Biofouling: Ocean Acidification Changes Make A Difference

A new study of marine organisms that make up the 'biofouling community' - tiny creatures that attach...

2,500 Women Could Benefit From Mitochondrial Donation In The UK

Almost 2,500 women of child-bearing age in the UK are at risk of transmitting mitochondrial disease...

Old People: The Demographic It's Still Okay To Negatively Stereotype

The most comprehensive analysis to date of research on the effect of negative stereotypes on older...

'Healthy' Fat Tissue Could Be Key To Reversing Type 2 Diabetes

Preventing inflammation in obese fat tissue may hold the key to preventing or even reversing type...

User picture.
News StaffRSS Feed of this column.

News Releases From All Over The World, Right To You... Read More »


Every business wants to capitalize on imagination and innovation - but a corporate structure may be the wrong way to promote it. And if you really want to kill creativity, have social authoritarians in government controlling your culture.

Collectivism is bad for the imagination. It's hard to think about art when you have to think about the good of the state, according to a paper in the Journal of Business Research, which compared nearly 300 individuals from Taiwan, a collectivist society, and Canada, slightly more individualistic.

Scientists may be on the way to genetically modifying plants to naturally protect against pests in new ways. That is good news for people in developing nations and fans of the environment. Older insecticides present environmental and health risks and insects develop resistance to them, complicating pest-control strategies.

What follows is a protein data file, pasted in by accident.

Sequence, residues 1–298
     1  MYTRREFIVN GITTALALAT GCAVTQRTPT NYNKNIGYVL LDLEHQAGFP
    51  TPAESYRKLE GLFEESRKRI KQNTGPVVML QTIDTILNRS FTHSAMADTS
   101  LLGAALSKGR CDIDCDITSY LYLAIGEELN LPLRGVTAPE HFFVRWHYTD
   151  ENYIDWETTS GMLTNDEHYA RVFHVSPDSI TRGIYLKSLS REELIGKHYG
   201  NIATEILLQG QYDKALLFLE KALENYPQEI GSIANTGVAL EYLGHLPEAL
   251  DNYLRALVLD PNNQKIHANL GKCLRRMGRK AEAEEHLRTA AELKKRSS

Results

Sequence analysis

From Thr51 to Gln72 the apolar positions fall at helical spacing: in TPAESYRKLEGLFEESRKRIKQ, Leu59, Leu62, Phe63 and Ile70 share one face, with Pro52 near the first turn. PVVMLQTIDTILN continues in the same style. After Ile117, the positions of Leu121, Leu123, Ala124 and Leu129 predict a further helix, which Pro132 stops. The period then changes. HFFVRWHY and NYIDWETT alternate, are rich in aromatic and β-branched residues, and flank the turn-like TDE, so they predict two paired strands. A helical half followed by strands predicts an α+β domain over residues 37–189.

Along with that, millions of deaths result from diseases transmitted by insects each year, not to mention economic losses totaling billions of dollars annually.
In 1722, when Europeans arrived on Easter Island, nearly 2,300 miles off the west coast of Chile, the native Polynesian culture known as Rapa Nui were already in a demographic tailspin from which they would not recover.

Pick a fad belief of the moment, and someone has correlated it to Easter Island. Environmental damage? Easter Island. Climate change? Easter Island. Add in political partisanship and lifestyle diseases and you can also find a correlation-causation arrow being abused. 

Will there ever be an answer? Hard to say, but a new paper attempts at least some clarification.

Coating the mouth with foods stored in containers that used bisphenol A (BPA), like soup, does not lead to high levels of BPA in blood.

BPA is used to make some plastics and to seal canned food containers against bacterial contamination. Food which picks up trace amounts of BPA from packaging is the major source of human exposure, according to environmental critics, and the health concerns about BPA center on potential to mimic certain hormones at really high exposures.
Researchers have used human induced pluripotent stem cells (iPSCs) to generate new hair, the first step toward the development of a cell-based treatment for people with hair loss. 

In the United States alone, more than 40 million men and 21 million women are affected by hair loss. The research team developed a protocol that induced human pluripotent stem cells to become dermal papilla cells. They are a unique population of cells that regulate hair-follicle formation and growth cycle. 

Human dermal papilla cells on their own are not suitable for hair transplants because they cannot be obtained in necessary amounts and rapidly lose their ability to induce hair-follicle formation in culture. 
New studies have found that a supplement of ghrelin - the "appetite hormone" - increased the sexual activity of mice.

Ghrelin is a gastrointestinal hormone that is released from the stomach, and is involved in the stimulation of our appetite by activating the brain's reward system. Since the brain's reward system also motivates us to seek a partner and to have sex, a group of researchers at the Sahlgrenska Academy decided to investigate whether ghrelin may also affect sexual behaviors. 

The answer is: yes, at least in mice.